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trated passion of Dante; every sentence is not so full of matter, nor the style so removed from the indifference of prose; yet you are charmed with a truth of another sort, equally characteristic of the writer, equally drawn from nature, and substituting a healthy sense of enjoyment for intenser emotion. Exclusiveness of liking for this or that mode of truth, only shows, either that a reader's perceptions are limited, or that he would sacrifice truth itself to his favorite form of it. Sir Walter Raleigh, who was as tranchant with his pen as his sword, hailed the Faerie Queene of his friend Spenser in verses in which he said that "Petrarch" was thenceforward to be no more heard of; and that in all English poetry, there was nothing he counted " of any price" but the effusions of the new author. Yet Petrarch is stili living; Chaucer was not abolished by Sir Walter; and Shakspeare is thought somewhat valuable. A botanist might as well have said, that myrtles and oaks were to disappear, because acacias had come up. It is with the poet's creations, as with nature's, great or small. Wherever truth and beauty, whatever their amount, can be worthily shaped into verse, and answer to some demand for it in our hearts, there poetry is to be found; whether in productions grand and beautiful as some great event, or some mighty, leafy solitude, or no bigger and more pretending than a sweet face or a bunch of violets; whether in Homer's epic or Gray's Elegy, in the enchanted gardens of Ariosto and Spenser, or the very pot-herbs of the Schoolmistress of Shenstone, the balms of the simplicity of a cottage. Not to know and feel this, is to be deficient in the universality of Nature herself, who is a poetess on the smallest as well as the largest scale, and who calls upon us to admire all her productions: not indeed with the same degree of admiration, but with no refusal of it, except to defect.
I cannot draw this essay towards its conclusion better than with three memorable words of Milton; who has said, that poetry, in comparison with science, is "simple, sensuous, and passionate." By simple, he means unperplexed and self-evident; by sensuous, genial and full of imagery; by passionate, excited and enthusiastic. I am aware that different constructions have been put on some of these words; but the context seems to me
to necessitate those before us. I quote, however, not from the original, but from an extract in the Remarks on Paradise Lost by Richardson.
What the poet has to cultivate above all things is love and truth; what he has to avoid, like poison, is the fleeting and the false. He will get no good by proposing to be "in earnest at the moment." His earnestness must be innate and habitual; born with him, and felt to be his most precious inheritance.“I expect neither profit nor general fame by my writings," says Coleridge, in the Preface to his Poems; "and I consider myself as having been amply repaid without either. Poetry has been to me its own exceeding great reward:' it has soothed my afflictions; it has multiplied and refined my enjoyments; it has endeared solitude; and it has given me the habit of wishing to discover the good and the beautiful in all that meets and surrounds me."-Pickering's edition, p. 10.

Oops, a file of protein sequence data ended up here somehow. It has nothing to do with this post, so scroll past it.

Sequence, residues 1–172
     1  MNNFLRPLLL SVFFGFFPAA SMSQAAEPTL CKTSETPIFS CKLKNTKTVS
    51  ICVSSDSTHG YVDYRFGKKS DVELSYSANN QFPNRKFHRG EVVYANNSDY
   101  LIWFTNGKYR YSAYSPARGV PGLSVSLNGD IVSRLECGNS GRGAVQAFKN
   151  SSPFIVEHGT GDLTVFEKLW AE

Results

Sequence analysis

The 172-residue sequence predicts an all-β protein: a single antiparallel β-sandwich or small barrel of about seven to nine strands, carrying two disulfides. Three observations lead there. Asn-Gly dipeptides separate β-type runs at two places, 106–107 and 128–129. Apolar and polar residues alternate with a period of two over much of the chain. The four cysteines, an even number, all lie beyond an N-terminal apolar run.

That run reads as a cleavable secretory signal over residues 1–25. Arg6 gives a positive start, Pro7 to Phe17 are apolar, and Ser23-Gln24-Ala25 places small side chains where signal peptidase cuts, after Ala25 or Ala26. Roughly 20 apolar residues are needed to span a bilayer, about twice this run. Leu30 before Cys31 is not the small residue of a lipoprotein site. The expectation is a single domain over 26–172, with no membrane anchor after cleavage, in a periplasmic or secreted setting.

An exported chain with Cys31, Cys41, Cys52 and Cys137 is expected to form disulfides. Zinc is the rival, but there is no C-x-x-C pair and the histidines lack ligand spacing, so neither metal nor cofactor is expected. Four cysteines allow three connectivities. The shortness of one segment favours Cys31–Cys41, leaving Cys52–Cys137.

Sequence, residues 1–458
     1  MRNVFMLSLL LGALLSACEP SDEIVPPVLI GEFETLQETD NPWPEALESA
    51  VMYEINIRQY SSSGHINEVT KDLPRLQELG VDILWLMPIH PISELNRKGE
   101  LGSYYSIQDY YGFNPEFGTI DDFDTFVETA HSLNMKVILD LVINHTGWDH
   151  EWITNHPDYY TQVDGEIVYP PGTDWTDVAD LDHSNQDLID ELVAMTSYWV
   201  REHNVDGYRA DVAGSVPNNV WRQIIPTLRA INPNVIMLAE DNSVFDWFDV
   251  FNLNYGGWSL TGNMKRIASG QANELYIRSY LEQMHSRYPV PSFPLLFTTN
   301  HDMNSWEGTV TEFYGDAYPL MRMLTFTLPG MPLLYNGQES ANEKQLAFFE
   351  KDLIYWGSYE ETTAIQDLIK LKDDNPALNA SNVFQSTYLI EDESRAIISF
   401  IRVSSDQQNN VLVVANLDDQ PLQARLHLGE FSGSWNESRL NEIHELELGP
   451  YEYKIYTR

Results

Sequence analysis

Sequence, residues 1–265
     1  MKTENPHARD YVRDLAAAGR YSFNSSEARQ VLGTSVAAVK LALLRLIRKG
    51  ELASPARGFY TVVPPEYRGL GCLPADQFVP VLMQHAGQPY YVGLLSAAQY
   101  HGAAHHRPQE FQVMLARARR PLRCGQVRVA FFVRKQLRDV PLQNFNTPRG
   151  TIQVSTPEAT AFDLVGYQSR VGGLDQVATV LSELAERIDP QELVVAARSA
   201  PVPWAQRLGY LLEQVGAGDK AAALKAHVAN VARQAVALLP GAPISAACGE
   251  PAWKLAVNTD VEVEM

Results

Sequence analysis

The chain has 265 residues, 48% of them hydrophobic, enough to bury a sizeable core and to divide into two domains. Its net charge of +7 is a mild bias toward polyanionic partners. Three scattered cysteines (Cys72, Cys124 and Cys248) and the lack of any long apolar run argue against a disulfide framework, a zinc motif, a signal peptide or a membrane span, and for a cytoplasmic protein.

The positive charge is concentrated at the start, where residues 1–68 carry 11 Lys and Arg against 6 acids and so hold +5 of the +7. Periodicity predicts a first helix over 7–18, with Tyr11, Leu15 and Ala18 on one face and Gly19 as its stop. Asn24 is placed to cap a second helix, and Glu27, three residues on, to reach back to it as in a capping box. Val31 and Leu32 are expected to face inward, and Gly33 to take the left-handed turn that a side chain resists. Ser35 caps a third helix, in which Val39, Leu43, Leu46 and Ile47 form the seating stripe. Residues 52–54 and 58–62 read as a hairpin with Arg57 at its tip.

"Poetry," says Shelley, "lifts the veil from the hidden beauty of the world, and makes familiar objects be as if they were not familiar. It reproduces all that it represents; and the impersonations clothed in its Elysian light stand thenceforward in the minds of those who have once contemplated them, as memorials of that gentle and exalted content which extends itself over all thoughts and actions with which it co-exists. The great secret of morals is love, or a going out of our own nature, and an identification of ourselves with the beautiful which exists in thought, action, or person, not our own. A man, to be greatly good, must imagine intensely and comprehensively; he must put himself in the place of another, and of many others: the pains and pleasures of his species must become his own. The great instrument of moral good is imagination; and poetry administers to the effect by acting upon the cause."—Essays and Letters, vol i., p. 16.
I would not willingly say anything after perorations like these; but as treatises on poetry may chance to have auditors who think themselves called upon to vindicate the superiority of what is termed useful knowledge, it may be as well to add, that if the poet may be allowed to pique himself on any one thing more than another, compared with those who undervalue him,